Support and Supervision

Standards & Regulations

Fostering Services National Minimum Standards (England) 2011:

Training, Support and Development Standards for Foster Care:


Contents

  1. Introduction
  2. Supervision Meetings
  3. What Your Fostering Social Worker Will Do

1. Introduction

You will face many challenges when you become a foster carer and you will also feel very rewarded when you see a child progress in a positive way. Once approved you will be allocated a Fostering Social Worker.

Supervision is an important part of practice and as foster carers it is considered a key part of your training and development and an opportunity to reflect and learn from fostering experiences. Supervision also allows you time to consider complex case dilemmas and give you space to think through and share strategies and ways of helping a child in placement with your Supervising Social Worker.

There will also be a number of other places in which you can get support from including;

Support groups

Support groups are well established in Kent and provide you with an opportunity to meet other carers and share your experiences of fostering, concerns and ideas and to undertake learning together.

They are particularly important for new carers who can learn from those with greater experience and for more experienced carers who are able to shares their experiences with others.

There is an expectation that you will attend support groups regularly.

Each new foster carer will be provided with the dates, times and venues of local support groups, together with contact names and numbers.


Buddy System

The Fostering Service operates a ‘buddy’ system, where new carers, or more experienced carer, can be put in touch with someone who has greater experience of fostering, or greater experience within a particular field, with a specific behaviour, etc. Please ask your fostering social worker for details.


Out of Hours Service

The Out of Hours Service can offer advice or assistance to ensure that those who are vulnerable are not placed at risk through having to wait until the offices open. Anyone can phone the Out of Hours Service for advice or assistance. A trained Telephonist will answer any call, take some details and then pass this on to the Duty Social Worker. The Duty Social Worker will then call you back (Social Services Out of Hours Service - 03000 419 191).


Fostering Out of Hours Service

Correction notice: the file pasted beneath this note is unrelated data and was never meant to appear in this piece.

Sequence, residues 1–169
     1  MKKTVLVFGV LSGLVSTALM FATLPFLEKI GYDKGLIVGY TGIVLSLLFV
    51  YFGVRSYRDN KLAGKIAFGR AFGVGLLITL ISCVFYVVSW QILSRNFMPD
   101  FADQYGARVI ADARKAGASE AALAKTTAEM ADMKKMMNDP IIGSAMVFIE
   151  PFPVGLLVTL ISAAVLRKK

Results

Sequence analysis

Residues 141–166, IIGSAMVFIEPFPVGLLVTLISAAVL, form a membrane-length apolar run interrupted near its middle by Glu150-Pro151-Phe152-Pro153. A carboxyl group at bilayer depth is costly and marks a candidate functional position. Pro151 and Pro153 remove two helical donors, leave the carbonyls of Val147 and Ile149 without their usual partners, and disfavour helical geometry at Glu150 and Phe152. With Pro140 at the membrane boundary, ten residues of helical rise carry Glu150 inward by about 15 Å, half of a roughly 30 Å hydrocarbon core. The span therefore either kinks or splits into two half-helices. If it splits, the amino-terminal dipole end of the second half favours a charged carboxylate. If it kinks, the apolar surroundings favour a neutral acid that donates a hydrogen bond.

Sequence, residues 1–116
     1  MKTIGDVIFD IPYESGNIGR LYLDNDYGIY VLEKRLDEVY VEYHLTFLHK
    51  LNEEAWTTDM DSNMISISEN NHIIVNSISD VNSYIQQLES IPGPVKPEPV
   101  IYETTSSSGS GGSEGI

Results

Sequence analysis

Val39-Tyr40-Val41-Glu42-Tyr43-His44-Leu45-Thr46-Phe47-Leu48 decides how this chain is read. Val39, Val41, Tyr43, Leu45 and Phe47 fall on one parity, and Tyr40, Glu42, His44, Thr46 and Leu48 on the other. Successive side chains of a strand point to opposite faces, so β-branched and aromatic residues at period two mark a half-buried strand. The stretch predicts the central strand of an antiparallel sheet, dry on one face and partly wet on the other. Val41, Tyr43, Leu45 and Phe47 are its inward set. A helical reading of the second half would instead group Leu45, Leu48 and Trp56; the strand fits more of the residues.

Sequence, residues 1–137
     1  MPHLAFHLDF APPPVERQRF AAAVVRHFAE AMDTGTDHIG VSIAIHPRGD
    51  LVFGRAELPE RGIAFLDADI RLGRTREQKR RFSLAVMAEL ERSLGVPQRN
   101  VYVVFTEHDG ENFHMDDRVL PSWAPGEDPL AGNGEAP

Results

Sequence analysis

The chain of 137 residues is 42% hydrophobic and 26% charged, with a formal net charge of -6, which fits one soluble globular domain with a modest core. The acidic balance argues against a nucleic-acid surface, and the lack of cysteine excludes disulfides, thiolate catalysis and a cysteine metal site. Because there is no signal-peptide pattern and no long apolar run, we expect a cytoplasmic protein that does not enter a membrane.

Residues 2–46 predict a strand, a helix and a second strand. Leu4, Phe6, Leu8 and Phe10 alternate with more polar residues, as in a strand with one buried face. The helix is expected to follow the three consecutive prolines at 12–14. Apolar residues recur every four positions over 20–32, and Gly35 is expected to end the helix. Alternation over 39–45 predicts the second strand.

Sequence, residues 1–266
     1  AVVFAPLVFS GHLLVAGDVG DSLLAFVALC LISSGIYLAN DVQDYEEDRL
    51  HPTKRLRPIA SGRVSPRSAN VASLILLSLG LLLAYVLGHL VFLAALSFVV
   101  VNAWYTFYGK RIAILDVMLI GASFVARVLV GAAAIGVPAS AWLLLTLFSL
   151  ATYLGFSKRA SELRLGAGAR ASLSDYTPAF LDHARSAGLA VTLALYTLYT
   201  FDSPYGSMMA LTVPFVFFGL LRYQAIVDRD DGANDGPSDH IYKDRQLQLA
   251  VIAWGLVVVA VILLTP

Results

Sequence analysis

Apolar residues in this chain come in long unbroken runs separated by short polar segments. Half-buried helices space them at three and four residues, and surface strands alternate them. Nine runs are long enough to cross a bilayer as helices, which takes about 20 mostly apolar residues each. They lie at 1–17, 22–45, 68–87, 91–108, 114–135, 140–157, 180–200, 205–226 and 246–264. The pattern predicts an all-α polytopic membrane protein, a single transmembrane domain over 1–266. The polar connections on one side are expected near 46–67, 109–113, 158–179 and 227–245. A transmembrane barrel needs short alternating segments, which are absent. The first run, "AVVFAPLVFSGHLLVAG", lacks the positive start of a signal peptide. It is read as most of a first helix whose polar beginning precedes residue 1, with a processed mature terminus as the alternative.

The Fostering Service provides an emergency service between 5.00 pm and midnight each day and 9.00 am to midnight at weekend and Bank Holidays. The fostering social worker is available to offer advice and assistance to you in emergencies and to work alongside the Out of  Hours Service should a placement need to be identified outside office hours.

If you are interested in becoming an emergency foster carer please discuss this with your fostering social worker.


Kent Foster Care Association

This is a free service run by volunteers who are Kent foster carers. The Association can be accessed via the website (www.kfca.org.uk), by e-mailing support@kfca.org.uk or by calling 0705 0641943.


FosterTalk

This is a not-for-profit organisation focused on providing high quality, professional, independent support to foster care households. As a KCC foster carer you will automatically be enrolled as a member and have access to a number of services including telephone legal advice and telephone counselling service. Foster Talk also offer a range of discounted products and services details can be found on their website www.fostertalk.org.


Fostering Network

Foster carers can become members of The Fostering Network - cost per individual/family £37 per annum. The ‘phone number of the Fostering Network is 0207 620 6400 and their website is accessible at www.thefosteringnetwork.org.uk/

The Fostering Network is able to provide insurance cover, research updates, access to a 24 hour legal advice line, magazines, independent support, and a help-line.


Fosterline (0800 0407675)

This is a confidential advice line for foster carers, which provides independent and impartial advice about fostering issues. It is funded by the Department for Children, Schools and Families (DCSF) and run in association with the Fostering Network their website is accessible at www.fosterline.info.